Boeing continues to stand by lithium-ion (li-ion) batteries despite Airbus's decision to remove them as a power source on the A350XWB family due to uncertainty about battery failures on two 787s in January.
Repeating a remark by Boeing chief executive Jim McNerney on 30 January, the company says that nothing in the ongoing investigations of the battery failures have revealed that would alter its decision about using li-ion as a back-up power supply and starter for the auxiliary power unit on the 787.
"Boeing is confident in the safety and reliability of lithium-ion batteries," Boeing says.
Indeed, the li-ion chemistry offer "significant benefits" when appropriate protections are in place, Boeing says.
All 51 787s delivered to airlines have been grounded since 16 January after two incidents of li-ion batteries overheating and in one case catching fire.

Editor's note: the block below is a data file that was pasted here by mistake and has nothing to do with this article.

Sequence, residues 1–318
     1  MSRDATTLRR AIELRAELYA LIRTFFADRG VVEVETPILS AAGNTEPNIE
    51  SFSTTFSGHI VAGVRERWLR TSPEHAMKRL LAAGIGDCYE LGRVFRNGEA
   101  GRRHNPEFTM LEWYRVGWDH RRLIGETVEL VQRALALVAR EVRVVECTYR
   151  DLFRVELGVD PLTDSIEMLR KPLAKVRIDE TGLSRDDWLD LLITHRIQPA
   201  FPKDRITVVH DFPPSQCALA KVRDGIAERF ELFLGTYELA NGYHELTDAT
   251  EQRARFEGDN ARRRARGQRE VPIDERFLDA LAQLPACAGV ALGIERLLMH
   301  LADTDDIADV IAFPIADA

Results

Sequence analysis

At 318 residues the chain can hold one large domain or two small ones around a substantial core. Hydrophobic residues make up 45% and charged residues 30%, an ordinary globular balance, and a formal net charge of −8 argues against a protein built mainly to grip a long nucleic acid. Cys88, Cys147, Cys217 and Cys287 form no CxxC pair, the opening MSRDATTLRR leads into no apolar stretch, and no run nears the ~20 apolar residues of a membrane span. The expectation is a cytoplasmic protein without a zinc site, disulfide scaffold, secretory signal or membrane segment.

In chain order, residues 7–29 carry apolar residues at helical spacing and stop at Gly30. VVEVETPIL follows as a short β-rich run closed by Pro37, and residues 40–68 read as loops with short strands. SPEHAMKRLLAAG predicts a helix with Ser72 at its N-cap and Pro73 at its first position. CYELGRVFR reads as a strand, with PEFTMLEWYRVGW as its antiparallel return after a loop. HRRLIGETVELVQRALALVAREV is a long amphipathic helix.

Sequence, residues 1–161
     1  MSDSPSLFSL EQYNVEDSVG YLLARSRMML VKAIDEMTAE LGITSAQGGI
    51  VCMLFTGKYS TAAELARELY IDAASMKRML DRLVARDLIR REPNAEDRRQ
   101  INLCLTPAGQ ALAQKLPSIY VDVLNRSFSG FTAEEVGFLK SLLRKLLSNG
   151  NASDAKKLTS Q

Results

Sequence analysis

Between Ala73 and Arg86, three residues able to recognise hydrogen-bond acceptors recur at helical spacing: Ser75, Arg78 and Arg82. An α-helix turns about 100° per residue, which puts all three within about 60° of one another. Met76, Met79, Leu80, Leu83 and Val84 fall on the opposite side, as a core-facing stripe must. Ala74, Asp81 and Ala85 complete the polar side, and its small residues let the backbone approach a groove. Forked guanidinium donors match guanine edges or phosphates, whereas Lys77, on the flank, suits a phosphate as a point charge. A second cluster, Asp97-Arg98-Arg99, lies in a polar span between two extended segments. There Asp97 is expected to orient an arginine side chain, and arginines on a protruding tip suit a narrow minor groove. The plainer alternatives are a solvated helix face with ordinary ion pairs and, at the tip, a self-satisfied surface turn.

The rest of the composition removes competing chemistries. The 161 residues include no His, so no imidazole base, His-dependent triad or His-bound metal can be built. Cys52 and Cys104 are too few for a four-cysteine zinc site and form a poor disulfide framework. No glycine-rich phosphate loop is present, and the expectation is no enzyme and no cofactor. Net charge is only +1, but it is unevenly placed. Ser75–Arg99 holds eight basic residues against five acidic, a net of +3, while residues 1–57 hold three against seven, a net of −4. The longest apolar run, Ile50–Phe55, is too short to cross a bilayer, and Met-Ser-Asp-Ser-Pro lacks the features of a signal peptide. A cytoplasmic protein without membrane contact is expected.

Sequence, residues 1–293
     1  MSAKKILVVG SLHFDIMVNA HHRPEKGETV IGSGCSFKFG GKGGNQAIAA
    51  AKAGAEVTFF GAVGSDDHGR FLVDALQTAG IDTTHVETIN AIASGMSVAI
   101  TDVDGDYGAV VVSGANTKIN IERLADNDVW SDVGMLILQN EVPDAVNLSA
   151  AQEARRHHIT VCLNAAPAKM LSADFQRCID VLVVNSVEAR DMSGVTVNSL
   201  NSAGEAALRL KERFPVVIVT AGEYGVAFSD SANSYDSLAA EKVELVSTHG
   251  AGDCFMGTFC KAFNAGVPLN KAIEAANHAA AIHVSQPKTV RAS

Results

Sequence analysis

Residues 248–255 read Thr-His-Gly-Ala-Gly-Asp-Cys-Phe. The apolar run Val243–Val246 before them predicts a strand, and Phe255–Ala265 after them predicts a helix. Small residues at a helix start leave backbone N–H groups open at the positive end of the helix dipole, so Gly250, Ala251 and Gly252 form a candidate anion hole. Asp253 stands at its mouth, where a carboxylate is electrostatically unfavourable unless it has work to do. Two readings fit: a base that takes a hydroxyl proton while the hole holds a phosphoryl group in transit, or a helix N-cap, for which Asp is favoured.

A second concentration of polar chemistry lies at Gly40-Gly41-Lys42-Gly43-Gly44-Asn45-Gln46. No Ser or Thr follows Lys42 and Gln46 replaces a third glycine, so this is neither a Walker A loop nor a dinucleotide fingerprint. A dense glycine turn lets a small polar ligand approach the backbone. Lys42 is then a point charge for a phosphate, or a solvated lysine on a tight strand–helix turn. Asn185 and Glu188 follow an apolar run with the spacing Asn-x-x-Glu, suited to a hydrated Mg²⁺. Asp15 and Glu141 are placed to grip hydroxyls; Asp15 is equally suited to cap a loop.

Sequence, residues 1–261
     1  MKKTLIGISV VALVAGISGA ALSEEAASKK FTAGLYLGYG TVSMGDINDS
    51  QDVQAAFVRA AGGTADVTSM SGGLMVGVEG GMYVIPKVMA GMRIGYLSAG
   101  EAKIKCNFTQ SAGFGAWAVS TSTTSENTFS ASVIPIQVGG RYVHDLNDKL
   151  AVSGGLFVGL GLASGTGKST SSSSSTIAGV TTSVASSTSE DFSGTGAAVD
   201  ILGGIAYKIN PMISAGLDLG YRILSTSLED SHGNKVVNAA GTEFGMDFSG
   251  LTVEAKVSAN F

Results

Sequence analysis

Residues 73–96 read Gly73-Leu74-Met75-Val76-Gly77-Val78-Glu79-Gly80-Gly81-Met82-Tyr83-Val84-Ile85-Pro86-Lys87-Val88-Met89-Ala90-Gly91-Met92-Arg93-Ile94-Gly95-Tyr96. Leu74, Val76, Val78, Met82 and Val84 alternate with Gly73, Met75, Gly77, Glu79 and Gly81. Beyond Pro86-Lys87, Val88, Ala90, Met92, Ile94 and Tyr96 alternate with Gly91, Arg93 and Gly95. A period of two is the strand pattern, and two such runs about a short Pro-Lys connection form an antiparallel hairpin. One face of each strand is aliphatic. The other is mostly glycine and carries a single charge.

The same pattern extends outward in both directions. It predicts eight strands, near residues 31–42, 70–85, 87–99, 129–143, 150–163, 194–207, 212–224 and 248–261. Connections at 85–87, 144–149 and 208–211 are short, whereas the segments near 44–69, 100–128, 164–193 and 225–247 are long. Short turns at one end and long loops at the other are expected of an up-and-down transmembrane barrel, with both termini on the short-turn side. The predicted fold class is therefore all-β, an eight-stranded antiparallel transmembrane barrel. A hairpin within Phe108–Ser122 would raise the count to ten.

Several investigations, including separate probes by the Japan Transport Safety Board, National Transportation Safety Board, Boeing and the Federal Aviation Administration, have concluded that a short-circuit in one of each batteries' eight cells led to a chain reaction called thermal runway. But none of the probes have discovered the reason why the cell experienced the short-circuit, and why the protections designed into the battery to prevent a chain reaction did not work.
The inicidents have since shined a spotlight on the industry's quiet move to transition from nickel-cadmium (ni-cad) batteries to li-ion, which began with Boeing's decision to select the latter for the 787 in 2005.
Airbus also selected the same kind of battery to serve the same roles for the A350 family. Boeing chose a battery designed by Japanese firm GS Yuasa for the 787, and Airbus picked French company Saft to supply the battery.